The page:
The Treasury Department is forcing nearly all of its public servants, including newly recruited graduates and women on maternity leave, to apply for their own jobs.
Treasury has resorted to a "spill and fill" to sack about 40 of its bureaucrats, with the central agency conceding that its voluntary redundancy process has run out of steam.
The department's boss Martin Parkinson warned that very few are safe in the 960-strong department and that public servants on secondment to other departments, bureaucrats on study leave and all other "inoperative" staff had to get their job applications in by July 25.
Dr Parkinson, who himself will leave Treasury in December, said he had been forced into the "unprecedented" redundancy process after the latest drive for voluntary departures failed to deliver the cuts needed for "future requirements of the department".
Jobs lost among staff on maternity leave, leave without pay, study leave or secondment to other organisations will be counted on top of the 40 from jobs targeted by the cull, according to an all-staff memo from the departmental secretary.
Dr Parkinson also says he intends to cut up to nine senior executives and one executive board member.
Treasury workers could submit documents of up to 450 words stating their cases for survival and senior executives and middle managers have been banned from reading applications or coaching junior staff on how to defend their jobs.
There will be no internal right of review for workers deemed "excess" by a high-level panel.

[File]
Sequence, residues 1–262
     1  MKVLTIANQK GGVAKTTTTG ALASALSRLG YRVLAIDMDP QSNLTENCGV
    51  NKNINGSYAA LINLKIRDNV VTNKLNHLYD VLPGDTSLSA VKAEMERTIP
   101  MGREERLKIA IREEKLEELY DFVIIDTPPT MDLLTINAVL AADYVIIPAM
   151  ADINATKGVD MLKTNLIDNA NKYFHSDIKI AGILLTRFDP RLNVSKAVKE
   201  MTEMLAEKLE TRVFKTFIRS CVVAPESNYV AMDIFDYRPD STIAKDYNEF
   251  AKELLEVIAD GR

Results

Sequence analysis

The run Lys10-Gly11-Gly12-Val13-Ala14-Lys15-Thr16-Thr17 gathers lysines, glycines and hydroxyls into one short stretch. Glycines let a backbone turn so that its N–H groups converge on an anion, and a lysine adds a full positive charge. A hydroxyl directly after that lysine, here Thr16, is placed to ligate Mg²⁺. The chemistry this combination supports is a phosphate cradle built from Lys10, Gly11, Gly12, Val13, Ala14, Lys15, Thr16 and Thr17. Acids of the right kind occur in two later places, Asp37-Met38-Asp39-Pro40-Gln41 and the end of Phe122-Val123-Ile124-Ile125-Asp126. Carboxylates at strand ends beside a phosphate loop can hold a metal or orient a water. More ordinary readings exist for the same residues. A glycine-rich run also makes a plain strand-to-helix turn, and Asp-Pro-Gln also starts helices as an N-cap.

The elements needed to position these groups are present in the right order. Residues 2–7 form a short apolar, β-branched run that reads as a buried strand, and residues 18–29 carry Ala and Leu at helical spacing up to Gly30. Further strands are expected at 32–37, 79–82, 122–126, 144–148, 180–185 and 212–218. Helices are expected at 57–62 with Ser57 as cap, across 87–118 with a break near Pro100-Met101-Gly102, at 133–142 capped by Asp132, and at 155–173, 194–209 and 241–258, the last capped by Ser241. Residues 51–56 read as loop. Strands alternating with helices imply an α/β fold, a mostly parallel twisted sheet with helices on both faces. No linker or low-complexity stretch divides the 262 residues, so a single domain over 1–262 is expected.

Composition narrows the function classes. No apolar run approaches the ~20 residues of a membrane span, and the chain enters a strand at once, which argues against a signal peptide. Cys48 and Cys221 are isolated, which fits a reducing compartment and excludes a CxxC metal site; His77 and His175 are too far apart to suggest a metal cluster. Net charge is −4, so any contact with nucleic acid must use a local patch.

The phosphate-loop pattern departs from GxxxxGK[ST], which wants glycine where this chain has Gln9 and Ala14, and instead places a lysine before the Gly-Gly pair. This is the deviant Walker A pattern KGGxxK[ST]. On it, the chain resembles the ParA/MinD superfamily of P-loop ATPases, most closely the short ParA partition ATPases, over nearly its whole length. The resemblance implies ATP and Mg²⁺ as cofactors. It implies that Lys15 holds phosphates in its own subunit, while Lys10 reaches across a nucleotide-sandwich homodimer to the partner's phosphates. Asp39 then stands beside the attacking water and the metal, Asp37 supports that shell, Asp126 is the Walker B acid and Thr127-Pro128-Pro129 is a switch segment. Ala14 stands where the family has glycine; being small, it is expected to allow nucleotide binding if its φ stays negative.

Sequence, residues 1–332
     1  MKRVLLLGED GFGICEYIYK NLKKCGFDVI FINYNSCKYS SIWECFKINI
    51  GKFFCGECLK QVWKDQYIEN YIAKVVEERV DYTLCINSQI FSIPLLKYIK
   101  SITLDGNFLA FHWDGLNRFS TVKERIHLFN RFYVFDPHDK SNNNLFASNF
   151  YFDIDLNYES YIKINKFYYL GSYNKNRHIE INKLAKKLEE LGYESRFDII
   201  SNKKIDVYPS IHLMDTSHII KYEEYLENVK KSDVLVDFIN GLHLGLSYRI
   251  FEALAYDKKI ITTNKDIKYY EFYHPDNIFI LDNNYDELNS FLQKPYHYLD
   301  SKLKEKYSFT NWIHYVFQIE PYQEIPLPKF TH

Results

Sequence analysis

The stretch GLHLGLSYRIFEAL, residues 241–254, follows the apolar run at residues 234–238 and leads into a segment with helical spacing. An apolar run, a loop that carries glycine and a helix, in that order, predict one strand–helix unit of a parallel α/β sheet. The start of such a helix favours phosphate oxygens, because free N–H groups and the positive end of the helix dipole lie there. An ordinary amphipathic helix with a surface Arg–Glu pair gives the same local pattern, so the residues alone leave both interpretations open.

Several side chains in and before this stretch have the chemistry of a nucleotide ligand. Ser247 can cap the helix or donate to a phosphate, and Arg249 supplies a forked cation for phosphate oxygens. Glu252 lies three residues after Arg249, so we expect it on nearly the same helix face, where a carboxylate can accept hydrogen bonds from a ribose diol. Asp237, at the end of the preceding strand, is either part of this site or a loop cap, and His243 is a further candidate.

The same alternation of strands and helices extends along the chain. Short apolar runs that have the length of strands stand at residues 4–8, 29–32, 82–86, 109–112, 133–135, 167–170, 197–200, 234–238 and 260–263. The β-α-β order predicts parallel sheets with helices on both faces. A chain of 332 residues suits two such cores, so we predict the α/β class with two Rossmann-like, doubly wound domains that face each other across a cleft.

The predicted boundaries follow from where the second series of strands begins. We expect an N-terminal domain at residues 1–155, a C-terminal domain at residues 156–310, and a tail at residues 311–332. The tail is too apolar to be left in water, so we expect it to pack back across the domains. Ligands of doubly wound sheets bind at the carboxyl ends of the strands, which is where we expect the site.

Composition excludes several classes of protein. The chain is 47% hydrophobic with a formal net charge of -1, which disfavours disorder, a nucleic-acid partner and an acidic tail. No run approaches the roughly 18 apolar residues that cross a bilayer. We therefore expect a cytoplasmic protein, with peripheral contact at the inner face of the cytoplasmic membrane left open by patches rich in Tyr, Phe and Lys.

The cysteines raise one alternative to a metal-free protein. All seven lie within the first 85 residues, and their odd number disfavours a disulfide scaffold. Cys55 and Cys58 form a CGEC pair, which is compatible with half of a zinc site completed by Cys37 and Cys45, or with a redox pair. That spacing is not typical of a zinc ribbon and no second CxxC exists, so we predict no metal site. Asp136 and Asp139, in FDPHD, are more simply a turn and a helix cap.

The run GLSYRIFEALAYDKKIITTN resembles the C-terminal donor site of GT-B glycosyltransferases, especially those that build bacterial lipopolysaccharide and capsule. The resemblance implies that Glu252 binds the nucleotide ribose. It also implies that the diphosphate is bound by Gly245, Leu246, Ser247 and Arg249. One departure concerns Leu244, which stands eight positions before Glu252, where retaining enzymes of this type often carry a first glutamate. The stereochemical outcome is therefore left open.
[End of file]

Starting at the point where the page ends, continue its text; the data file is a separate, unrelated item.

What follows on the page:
Only temporary staff and public servants from other departments seconded to Treasury will be safe from the redundancy round.
Dr Parkinson's memo said 133 public servants had taken redundancies since his department began shedding jobs in 2012, and that his top brass were not immune to the pain, with the ranks of senior executives reduced from 96 to 87 and more cuts on the way.
The bosses will mostly be leaving via the APS's generous "incentives to retire" scheme.
The move is part of the secretary's wider plan to cut one in three positions by 2017, as The Canberra Times reported in March.
"The decision to proceed to an involuntary redundancy process across all APS and EL classifications has been very difficult, and I can assure you that the decision was only made after a great deal of consideration," Dr Parkinson wrote to his workers.
"Beyond the obvious and pressing constraints of Treasury's budget, our decision was also informed by the need to avoid larger reductions in future financial years."
The main public sector union, the CPSU condemned Treasury's plans on Wednesday with the deputy national secretary Alistair Waters called for the department to rethink its position.
“This ‘spill and fill’ is heavy-handed and unnecessary," Mr Waters said.
"It has never been done in Treasury before and risks doing long-term damage to this important agency.
"Treasury can and should be doing more to help retain these workers in the APS.
"These people have highly sought after skills which should not be lost from the service.”